Exercising regularly before undergoing surgery for lung cancer may reduce the complication rate by half afterwards, a study has found. Pooled analysis of the data showed that an exercise programme before surgery reduces the complication rate afterwards by 48 per cent. It also reduced length of hospital stay by nearly three days for patients with lung cancer, according to the study published in the British Journal of Sports Medicine. “Postoperative complication is a major concern for patients undergoing [cancer] surgery,” said Daniel Steffens, from the University of Sydney in Australia. “The findings may also impact on healthcare costs and on patients’ quality of life, and consequently have important implications for patients, healthcare professionals and policy makers,” he said.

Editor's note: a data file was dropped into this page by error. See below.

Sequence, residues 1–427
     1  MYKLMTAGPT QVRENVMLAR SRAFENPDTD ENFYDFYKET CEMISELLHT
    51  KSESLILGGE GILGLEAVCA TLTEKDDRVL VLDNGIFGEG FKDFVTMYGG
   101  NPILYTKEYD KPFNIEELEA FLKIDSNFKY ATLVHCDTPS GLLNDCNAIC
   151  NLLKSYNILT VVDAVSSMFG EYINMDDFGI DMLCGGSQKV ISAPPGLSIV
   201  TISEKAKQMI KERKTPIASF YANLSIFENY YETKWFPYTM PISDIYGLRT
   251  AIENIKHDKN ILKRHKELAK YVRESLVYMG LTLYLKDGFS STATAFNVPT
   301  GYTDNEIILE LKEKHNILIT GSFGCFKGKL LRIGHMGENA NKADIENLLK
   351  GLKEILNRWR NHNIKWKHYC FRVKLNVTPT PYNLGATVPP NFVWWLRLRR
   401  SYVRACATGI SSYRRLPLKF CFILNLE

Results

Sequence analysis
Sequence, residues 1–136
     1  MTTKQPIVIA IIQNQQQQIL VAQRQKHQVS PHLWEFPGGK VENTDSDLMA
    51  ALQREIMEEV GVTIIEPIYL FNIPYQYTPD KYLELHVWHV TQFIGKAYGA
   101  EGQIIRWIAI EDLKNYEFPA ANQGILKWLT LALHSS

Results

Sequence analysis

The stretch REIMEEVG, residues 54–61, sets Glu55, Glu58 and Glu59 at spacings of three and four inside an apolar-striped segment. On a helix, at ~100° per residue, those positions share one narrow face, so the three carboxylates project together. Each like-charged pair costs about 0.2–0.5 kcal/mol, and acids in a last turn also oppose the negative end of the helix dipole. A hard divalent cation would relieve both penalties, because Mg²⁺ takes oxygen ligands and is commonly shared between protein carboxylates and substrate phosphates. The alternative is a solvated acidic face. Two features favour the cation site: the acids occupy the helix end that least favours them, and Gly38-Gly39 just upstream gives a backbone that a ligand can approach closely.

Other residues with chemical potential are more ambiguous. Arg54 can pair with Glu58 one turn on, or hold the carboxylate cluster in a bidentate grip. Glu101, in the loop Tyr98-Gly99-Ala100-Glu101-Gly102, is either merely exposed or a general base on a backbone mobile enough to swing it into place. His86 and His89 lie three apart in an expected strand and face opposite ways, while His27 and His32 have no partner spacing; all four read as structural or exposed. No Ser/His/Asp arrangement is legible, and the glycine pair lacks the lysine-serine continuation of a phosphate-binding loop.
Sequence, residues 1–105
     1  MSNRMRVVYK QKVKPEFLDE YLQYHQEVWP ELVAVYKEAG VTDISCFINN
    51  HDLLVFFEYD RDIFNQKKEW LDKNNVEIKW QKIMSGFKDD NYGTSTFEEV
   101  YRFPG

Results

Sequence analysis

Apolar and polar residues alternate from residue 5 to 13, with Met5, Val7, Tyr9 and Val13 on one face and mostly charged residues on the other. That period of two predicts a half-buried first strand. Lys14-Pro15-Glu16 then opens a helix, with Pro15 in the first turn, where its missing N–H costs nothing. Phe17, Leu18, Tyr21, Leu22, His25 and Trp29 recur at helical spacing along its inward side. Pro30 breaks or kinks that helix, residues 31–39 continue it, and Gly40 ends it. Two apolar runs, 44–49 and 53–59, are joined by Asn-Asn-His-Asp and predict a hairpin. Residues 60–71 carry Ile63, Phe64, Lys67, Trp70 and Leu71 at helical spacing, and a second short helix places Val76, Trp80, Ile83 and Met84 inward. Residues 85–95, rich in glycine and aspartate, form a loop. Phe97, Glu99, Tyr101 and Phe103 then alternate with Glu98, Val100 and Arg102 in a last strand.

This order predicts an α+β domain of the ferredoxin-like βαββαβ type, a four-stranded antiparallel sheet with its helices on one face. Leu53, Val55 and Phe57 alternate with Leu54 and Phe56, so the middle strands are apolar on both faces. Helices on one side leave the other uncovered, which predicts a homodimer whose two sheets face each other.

The researchers trawled databases for relevant studies and found 17 suitable articles which reported on 13 clinical trials, involving 806 participants and six different types of cancer: bowel, liver, gullet (oesophageal), lung, mouth and prostate. The exercise programmes, which were compared with standard care or advice, lasted from one to four weeks, with the average length a fortnight. Trials that reported more numerous sessions of exercise had better results, suggesting that there may be a dose response effect, the researchers said.